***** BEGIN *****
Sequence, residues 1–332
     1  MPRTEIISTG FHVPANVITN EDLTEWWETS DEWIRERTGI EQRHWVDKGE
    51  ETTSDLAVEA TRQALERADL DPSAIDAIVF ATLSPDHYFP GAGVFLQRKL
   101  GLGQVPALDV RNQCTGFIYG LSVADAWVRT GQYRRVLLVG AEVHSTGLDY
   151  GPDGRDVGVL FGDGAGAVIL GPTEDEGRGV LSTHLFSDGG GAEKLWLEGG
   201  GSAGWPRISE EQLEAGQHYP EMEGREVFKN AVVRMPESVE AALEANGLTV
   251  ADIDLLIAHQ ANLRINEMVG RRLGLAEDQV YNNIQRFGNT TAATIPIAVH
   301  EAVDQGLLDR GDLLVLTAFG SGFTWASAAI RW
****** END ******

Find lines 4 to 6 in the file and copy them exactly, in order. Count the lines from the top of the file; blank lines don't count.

   101  GLGQVPALDV RNQCTGFIYG LSVADAWVRT GQYRRVLLVG AEVHSTGLDY
   151  GPDGRDVGVL FGDGAGAVIL GPTEDEGRGV LSTHLFSDGG GAEKLWLEGG
   201  GSAGWPRISE EQLEAGQHYP EMEGREVFKN AVVRMPESVE AALEANGLTV